Re: 767-400 "a different type"?

Date:         06 Aug 98 11:26:07 
From:         Chris Dahler <>
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> Any comments? I knew the 767-400 was going to have an improved cockpit, but
> didn't realize the differences would be major enough that someone would
> considere it a different type. Do the cockpit differences mean pilots cannot
> be cross-rated with earlier 767s (and with 757s)? Conversely, can they be
> cross-rated with something else (747-400? 777?)

As far as I am aware, the aircraft will be the same type rating as the
757/767.  The problem for airlines will come mainly with the avionics, just
like the 737NG has the same type rating as the older 737's.  The -400 uses a
777-like cockpit, while the older 757/767 uses a mixture of EFIS and
round-dial instruments.  Southwest got around the problem of the cockpit
differences with the 737NG by having Boeing design the displays to mimic the
round-dial instruments.  I believe Boeing has made some statement or other to
the effect that this could just as easily be done with the 767-400.  This
would get around the training requirements of the FAA as far as the pilots go,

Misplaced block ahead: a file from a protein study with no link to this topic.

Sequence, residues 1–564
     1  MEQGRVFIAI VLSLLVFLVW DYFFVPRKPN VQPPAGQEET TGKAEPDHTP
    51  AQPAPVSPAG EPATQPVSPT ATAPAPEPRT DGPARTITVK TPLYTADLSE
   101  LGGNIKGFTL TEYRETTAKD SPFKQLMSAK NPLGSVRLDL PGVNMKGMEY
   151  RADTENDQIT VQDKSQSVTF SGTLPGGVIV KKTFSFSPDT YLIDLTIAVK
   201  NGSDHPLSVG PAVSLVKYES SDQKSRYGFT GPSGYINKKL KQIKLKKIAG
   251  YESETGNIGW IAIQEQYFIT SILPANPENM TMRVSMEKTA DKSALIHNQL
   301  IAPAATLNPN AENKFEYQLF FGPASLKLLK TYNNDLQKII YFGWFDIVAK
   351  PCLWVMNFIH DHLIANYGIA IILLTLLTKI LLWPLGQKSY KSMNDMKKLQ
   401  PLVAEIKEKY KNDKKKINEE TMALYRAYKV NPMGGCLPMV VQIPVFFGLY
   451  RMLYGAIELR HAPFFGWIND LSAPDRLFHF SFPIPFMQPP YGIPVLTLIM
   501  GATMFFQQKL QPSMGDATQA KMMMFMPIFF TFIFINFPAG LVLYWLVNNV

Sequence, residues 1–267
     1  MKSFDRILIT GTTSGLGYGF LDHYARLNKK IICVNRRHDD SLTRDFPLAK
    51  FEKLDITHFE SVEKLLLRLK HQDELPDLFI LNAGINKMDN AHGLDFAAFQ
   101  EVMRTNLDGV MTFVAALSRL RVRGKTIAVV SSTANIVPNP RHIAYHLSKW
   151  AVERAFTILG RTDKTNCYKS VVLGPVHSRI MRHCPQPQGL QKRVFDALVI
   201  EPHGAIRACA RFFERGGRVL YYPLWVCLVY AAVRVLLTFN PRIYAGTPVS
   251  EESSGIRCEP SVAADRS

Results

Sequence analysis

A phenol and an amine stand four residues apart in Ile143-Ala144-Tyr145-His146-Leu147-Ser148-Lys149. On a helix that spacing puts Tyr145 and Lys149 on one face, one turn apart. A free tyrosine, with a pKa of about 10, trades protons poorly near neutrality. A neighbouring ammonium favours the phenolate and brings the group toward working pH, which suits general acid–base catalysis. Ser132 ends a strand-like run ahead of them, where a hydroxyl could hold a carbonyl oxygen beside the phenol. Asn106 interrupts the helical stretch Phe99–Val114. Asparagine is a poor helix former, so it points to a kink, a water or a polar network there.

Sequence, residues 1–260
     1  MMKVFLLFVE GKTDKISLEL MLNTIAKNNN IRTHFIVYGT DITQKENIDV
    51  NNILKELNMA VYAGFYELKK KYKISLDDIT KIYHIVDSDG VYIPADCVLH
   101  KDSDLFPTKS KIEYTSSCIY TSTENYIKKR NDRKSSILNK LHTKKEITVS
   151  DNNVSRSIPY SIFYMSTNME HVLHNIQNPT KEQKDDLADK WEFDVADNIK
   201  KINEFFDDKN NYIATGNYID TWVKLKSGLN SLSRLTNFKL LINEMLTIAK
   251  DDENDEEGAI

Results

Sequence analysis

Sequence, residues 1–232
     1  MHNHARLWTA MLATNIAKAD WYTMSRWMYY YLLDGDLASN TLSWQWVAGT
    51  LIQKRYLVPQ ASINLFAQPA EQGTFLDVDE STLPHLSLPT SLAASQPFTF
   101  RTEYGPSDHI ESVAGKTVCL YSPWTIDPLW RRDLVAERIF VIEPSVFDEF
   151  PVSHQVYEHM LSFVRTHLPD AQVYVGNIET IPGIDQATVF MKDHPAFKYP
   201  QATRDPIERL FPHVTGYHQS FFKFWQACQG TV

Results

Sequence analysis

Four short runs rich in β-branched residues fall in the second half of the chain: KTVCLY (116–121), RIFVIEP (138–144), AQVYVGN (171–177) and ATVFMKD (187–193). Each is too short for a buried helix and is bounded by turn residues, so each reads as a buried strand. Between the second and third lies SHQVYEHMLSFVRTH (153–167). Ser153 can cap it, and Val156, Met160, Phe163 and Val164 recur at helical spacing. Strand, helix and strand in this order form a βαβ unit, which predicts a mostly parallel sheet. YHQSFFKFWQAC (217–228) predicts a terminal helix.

but dealing with the pilot unions would be a different matter.  So far,
Southwest is the only pilot union that has agreed with their company to fly
the 737NG in a common schedule and pay scale as the older 737's.  The other
airlines ordering the 737NG have had to negotiate higher pay scales and a
separate fleet type with their unions (meaning a pilot at Delta flying the
737-300 would not be concurrently scheduled to fly the 737-700).  This would
almost certainly be the case with the newer 767, since the aircraft has a
longer range and higher seat capacity, and these two factors have historically
been the primary considerations for unions negotiating pay scales and fleet
commonalities (the longer the range and the more seats, the higher the pay).

AA's comments on the 767-400 stem not from the aircraft having a different
type rating for pilots but from the fact that the engines and many other parts
are not interchangeable with the older 767 models, and the pilots at most, if
not all, airlines would require a higher pay scale and require that the
aircraft be *considered* to be a separate type from a scheduling standpoint
before they would agree to fly it.